Looking at the picture of that "patriotic" Russian biker it seems that Ukraine don´t have the corner on black shirts!
Why do these uprisings/ internal conflicts seem to happen to energy producing countries or those that are on major oil/gas pipeline routes far more often than other countries?
Jackblob -> WardwarkOwner
I don't see any uprising in Canada, Saudi Arabia, Kuwait, China, Mexico, the UAE, Iran, Norway, Qatar, etc.
So what exactly is your point?
Petros -> Sotrep Jackblob
Well there is problem in Sudan Iraq Syria Libya Nigeria . you have conflicts made up by USA to change governments and get raw materials . so ward is right . you just pretending to be blind . in mexico ppl dying pretty much each day from corrupt people .
If you scrap off the BS from this article they do have a point, because it has been a popular tactic of a certain country to change another countries government *Cough* America *Cough* by organising protests/riots within a target country
if that doesnt work they escalate that to fire fights and if that doesn't work they move onto say Downing a aeroplane and very quickly claiming its the other side fault without having any evidence or claim they have WMD's well anything to try to take the moral high ground on the situation even thou they caused the situation usual for selfish, arrogant and greedy reasons.
Jackblob -> PullingTheStrings
For some reason I do not trust you to discern the BS from the truth since your entire comment is an act of deflection.
The truth is most Russians are very poor, more poor than the people of India. This latest economic turmoil will make it even worse. Meanwhile, Putin and a handful of his cronies hold all the wealth. He proved he did not care about his people when he sent the FSB to bomb Moscow apartment buildings to start a war in Chechnya and ultimately to cancel elections.
Now Putin sees the potential for widespread protests and he is preparing to confront any protests with violent vigilante groups like those seen in other repressive countries.
Bob Vavich -> Jackblob
Wow, this is quite an assertion that Russians are poorer than Indians. I have been to India and I have been to Russia and I don't like using anecdotes to make a point. I can tell you that I have never seen as much poverty as in India. I can also tell you that when I drove through the low income neighborhood of Detroit or Houston, I felt like I was in a post apocalyptic world. Burned out and boarded up houses. Loitering and crime ridden streets. I can go on and on about social injustice. Regardless your comments are even more slanted than the assertion you are making about "Pulling the Strings".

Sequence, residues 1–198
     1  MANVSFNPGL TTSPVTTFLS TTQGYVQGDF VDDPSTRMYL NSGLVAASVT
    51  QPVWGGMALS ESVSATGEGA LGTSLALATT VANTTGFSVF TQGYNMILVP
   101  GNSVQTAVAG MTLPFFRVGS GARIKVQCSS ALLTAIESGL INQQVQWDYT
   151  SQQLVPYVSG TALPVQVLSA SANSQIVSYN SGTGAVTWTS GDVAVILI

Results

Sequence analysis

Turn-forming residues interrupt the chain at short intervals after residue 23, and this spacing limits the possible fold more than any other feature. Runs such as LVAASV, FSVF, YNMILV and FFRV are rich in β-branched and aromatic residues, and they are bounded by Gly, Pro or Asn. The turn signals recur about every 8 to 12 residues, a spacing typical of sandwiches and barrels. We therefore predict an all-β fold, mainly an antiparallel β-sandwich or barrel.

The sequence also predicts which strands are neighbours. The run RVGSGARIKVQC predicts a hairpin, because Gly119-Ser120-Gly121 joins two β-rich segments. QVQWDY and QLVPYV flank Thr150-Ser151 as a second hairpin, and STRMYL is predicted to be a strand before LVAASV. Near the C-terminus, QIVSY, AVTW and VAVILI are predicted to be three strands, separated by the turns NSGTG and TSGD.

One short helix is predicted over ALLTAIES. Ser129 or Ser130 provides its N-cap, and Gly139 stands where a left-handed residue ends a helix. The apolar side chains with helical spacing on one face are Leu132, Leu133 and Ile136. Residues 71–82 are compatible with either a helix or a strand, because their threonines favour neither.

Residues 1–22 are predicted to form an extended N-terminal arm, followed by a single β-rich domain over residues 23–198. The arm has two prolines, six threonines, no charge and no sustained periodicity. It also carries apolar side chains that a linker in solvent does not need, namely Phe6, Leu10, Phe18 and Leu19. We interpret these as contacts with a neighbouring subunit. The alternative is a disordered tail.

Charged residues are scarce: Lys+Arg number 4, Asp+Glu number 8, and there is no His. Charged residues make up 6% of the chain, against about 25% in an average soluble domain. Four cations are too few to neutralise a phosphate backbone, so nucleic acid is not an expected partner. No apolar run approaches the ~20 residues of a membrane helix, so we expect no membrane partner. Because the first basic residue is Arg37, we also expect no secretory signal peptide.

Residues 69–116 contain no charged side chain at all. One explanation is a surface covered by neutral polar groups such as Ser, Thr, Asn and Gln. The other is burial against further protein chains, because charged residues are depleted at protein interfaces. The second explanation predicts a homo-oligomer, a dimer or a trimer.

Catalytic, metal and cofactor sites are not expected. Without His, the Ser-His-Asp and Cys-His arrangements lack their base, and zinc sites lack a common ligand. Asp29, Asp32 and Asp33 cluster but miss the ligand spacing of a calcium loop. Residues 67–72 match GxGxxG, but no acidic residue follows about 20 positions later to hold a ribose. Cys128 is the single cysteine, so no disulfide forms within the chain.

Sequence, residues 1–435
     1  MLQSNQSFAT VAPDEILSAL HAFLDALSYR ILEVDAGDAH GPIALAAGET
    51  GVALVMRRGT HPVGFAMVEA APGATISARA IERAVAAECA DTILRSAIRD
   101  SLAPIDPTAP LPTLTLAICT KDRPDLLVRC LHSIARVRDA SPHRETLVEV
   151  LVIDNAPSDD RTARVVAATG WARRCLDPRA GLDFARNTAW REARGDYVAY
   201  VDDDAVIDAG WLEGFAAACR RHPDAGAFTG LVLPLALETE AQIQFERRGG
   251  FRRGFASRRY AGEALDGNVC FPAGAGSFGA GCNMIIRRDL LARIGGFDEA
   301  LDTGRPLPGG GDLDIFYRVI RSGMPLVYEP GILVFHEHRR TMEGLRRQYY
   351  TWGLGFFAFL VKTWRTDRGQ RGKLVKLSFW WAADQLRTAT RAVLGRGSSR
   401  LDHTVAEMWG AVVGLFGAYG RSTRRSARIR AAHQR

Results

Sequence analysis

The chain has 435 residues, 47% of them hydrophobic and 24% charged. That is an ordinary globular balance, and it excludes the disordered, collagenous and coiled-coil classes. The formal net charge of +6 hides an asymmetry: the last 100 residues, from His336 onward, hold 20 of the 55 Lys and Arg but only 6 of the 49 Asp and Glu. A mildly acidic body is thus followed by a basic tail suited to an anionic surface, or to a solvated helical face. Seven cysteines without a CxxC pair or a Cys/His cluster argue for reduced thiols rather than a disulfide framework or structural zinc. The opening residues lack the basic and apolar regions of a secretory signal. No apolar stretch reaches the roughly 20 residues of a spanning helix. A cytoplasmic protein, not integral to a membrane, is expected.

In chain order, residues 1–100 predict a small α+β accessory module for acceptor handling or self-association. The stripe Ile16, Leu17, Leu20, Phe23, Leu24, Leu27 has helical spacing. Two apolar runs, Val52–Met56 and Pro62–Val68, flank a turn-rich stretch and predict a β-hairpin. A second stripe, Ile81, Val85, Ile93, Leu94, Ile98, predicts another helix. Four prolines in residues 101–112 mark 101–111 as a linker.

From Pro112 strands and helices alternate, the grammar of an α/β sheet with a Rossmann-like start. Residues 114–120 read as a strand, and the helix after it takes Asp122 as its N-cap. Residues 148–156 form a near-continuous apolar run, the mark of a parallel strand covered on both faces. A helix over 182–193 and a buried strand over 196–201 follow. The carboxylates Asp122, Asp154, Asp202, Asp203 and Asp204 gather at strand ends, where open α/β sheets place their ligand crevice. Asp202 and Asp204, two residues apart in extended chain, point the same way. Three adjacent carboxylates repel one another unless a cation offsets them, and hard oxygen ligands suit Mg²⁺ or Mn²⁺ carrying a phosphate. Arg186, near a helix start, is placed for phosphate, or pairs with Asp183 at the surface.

Jackblob -> Bob Vavich
I was just as surprised to learn that Indians earn more than Russians. My source for that info comes from PBS's latest broadcast of Frontline entitled "Putin's Way".
Also, I doubt you've visited many small and lesser known cities in Russia. It's as if the Soviet Union had just collapsed and they were forgotten. Worse, actually.
Weren't the Maidan protests anti-democracy since they used violence to remove a democratically elected leader? Just another anti-ruskie hit piece from the Guardian.
We in the West love democracy, assuming you vote for the right person.
In the US you only get 2 choices - it may be twice as many as you get with a dictatorship but it's hardly democracy.
E1ouise -> Hamdog
Yanukovych was voted out of office by the *elected parliment* after he fled to Russia. Why don't you know this yet?
secondiceberg -> E1ouise
Excuse me, he was forced out of the country at gunpoint before the opposition "voted him out" the next day.
Bosula -> secondiceberg
Yes. That is correct. And armed Maidan thugs (Svoboda and Right Sector) stood around the Rada with weapons while the vote taken.
Also the 'election' of the coup government was unconstitutional under article 111 of the Ukraine's own Constitution (Goggle - check for yourself). This is an undisputed and uncomfortable 'fact' which the US and the EU never mention (never) when drawn on the issue.
The soviet union didn't go through some kind of denazification akin to Germany after it disintegrated. Russia today looks more and more like Germany after WWI - full of self pity and blaming everyone but themselves for their own failures.
Down2dirt -> Sourcrowd
I would like to hear more about that denazification of Germany and how did that go.
Since the day one the West and the GDR used nazis for their laboratories, clandestine and civil services...State owned museums still refuse to give back artwork to their rightful owners that were robbed during 1930-45.
I don' t condone Putin's and Russia polity (one of the most neoliberal countries), but you appear to be clueless about this particular subject and don' t know what you are talking about.
Bosula -> Sourcrowd
Are you thinking about Ukraine here, maybe?
A more interesting story would have been the similarities between this anti maidan group in Russia and Maidan in Kiev.
Both have have their military arm, are dangerous and violent, and both very nationalistic and right wing. Both appear to have strong links to politicians as well.
Such an analysis might show that Russian and Ukrainian nationalist groups have more in common than they would like to believe.
TuleCarbonari -> Bosula
A very important difference is the Russians are defending their elected government. The Ukrainians were hired by the West to promote a coup d'etat against an elected government, this against the will of the majority in Ukraine and only 3 months from general election in the country. The coup was indeed a way of stopping the elections.
Oh I see Russia has re-entered the media cross hairs in a timely fashion. I wonder what's going to happen in the coming weeks.
MarcelFromage -> Flinryan
I wonder what's going to happen in the coming weeks.
Nothing new - the Russian Federation will continue its illegal occupation of Crimea and continue to bring death and destruction to eastern Ukraine. And generally be a pain for the rest of the international community.